BBC2 is broadcasting a bold new adaptation of William Shakespeare’s 1605 tragedy King Lear on bank holiday Monday.
The all-star cast reunites Sir Anthony with his Merchant Ivory leading lady Emma Thompson – the duo so memorably paired in Howards End (1992) and The Remains of the Day (1993) – and also features Emily Watson, Florence Pugh, Christopher Eccleston, Jim Broadbent, Andrew Scott and Jim Carter.
Sir Anthony – now 80, still probably best known for his immortal turn as serial killer Hannibal Lecter in Silence of the Lambs (1991) and most recently seen in HBO’s Westworld (2016 onwards) – helped devise the project with Eyre.
It will feature scenes set in shopping centres and refugee camps, with Stevenage town centre replacing the heath where Lear and his Fool rave in a thunderstorm. Gloucester (Broadbent) is reimagined as the prime minister.
Sir Anthony has played Lear twice before at the National Theatre in 1986 and 2002 and is one of many distinguished male actors of advanced years to have played this most challenging and rewarding of parts.
Theatrical knights Donald Wolfit, John Gielgud, Paul Scofield and Donald Sinden were all celebrated for their interpretations of the mad king and, more recently, Geoffrey Rush, Simon Russell Beale and Ian McKellen have won acclaim in the role.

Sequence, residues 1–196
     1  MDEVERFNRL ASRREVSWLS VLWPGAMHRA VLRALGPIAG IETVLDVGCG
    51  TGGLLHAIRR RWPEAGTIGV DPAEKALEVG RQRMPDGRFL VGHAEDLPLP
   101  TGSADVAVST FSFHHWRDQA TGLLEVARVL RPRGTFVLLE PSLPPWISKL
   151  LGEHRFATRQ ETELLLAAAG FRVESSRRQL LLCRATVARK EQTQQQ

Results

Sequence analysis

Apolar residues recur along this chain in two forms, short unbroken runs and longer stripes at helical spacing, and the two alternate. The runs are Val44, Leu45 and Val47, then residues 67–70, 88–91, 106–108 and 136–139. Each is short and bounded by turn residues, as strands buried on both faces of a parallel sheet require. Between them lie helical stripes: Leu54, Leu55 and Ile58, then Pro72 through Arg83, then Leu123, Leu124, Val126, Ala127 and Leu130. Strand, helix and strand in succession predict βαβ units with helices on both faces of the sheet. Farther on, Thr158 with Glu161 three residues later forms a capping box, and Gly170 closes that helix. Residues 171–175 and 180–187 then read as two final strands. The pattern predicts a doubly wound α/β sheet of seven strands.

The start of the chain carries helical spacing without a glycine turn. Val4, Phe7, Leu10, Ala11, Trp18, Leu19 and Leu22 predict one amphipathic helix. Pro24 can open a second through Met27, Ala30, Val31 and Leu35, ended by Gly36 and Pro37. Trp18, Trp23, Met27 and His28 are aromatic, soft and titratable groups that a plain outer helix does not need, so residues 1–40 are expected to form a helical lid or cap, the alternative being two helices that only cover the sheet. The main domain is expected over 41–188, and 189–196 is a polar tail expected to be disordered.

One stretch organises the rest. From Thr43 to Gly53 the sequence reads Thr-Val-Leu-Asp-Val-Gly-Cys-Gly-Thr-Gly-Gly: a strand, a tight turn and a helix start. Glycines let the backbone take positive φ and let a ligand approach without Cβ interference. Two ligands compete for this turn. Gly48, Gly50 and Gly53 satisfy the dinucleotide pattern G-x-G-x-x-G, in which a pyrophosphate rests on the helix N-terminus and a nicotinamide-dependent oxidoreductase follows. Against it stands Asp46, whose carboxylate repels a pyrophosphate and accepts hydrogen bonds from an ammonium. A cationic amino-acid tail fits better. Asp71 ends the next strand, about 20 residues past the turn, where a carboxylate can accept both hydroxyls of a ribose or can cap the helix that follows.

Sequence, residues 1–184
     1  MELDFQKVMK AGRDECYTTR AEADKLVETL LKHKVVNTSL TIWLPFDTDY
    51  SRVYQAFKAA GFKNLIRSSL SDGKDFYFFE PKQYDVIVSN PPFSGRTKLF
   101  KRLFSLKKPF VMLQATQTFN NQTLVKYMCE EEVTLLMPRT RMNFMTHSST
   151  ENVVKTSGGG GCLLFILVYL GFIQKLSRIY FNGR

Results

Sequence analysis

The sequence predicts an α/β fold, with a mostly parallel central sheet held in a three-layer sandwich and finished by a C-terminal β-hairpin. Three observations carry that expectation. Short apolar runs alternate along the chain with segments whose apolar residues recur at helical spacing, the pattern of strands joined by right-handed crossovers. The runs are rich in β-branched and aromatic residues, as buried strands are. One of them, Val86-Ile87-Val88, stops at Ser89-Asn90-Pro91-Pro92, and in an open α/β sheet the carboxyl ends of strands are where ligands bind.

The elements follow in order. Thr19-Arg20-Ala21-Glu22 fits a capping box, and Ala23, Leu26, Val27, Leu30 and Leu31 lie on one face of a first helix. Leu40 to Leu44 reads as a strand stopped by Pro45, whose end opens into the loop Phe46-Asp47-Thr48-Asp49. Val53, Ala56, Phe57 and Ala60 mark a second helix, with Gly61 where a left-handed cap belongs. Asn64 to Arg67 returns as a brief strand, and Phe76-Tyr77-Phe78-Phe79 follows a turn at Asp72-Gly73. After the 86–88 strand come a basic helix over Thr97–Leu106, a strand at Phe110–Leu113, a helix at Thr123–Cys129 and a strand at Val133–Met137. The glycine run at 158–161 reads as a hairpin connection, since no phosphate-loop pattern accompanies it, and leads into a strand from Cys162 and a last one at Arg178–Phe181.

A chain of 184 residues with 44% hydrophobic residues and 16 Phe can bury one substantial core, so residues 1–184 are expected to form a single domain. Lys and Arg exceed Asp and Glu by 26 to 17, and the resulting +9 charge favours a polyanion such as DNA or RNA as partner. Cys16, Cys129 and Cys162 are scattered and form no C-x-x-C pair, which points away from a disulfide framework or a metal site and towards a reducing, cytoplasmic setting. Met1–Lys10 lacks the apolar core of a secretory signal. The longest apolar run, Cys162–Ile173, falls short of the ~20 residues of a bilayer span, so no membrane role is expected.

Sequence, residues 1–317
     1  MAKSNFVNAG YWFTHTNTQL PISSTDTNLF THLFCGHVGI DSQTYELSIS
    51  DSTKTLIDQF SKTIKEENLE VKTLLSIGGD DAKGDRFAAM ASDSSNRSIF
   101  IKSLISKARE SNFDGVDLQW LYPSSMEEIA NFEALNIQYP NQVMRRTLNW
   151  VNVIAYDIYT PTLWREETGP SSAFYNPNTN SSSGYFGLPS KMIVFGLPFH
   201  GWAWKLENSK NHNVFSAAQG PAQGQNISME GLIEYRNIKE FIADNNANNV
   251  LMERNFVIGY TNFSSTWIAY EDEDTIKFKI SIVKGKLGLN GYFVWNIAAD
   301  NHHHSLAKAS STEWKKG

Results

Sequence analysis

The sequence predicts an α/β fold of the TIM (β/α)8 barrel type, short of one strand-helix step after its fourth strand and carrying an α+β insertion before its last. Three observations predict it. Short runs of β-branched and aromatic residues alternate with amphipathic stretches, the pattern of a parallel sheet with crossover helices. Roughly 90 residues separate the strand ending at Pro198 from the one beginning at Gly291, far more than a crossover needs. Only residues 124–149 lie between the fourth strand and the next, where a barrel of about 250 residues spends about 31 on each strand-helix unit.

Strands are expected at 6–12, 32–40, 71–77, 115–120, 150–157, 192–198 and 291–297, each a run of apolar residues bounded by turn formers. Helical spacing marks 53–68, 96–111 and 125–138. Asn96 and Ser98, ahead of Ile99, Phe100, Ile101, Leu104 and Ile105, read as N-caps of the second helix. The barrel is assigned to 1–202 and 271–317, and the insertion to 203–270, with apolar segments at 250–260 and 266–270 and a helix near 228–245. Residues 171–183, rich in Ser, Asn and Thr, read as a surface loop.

Eyre previously directed The Hollow Crown cycle of Shakespeare’s history plays for the BBC in 2012 and has described Lear as “the ultimate family drama: a monstrous, tragic tale of a family destroying itself”. He directed Lear at the National in 1997, a landmark production starring Ian Holm, Anne-Marie Duff and Timothy West.
Shakespeare’s drama, with its theme of a great man facing the end of his life and forced to decide how best to carve up his kingdom among his daughters, has proven surprisingly versatile to adaptation over the years.
It has provided the basis for at least two Westerns – Edward Dmytryk’s Broken Lance (1954) with Spencer Tracy and Anthony Mann’s The Man From Laramie (1955) with James Stewart – with ranchers and land barons sharing Lear’s dilemma and fears for his legacy after death. Lear was also a key reference point in the writing of Francis Ford Coppola’s The Godfather Part III (1990).
One of the most beautiful and spectacular adaptations of the play is surely Akira Kurosawa’s Ran (1985), a late epic from the great master of Japanese cinema.
Relocating Shakespeare’s medieval drama to the plains of Mount Aso in the Sengoku epoch, the scale of Ran is extraordinary, the 75-year-old director marshalling hundreds of Samurai extras on horseback and orchestrating sprawling battles and castle sieges.
King Lear will be broadcast on BBC2 at 9.30pm on bank holiday Monday
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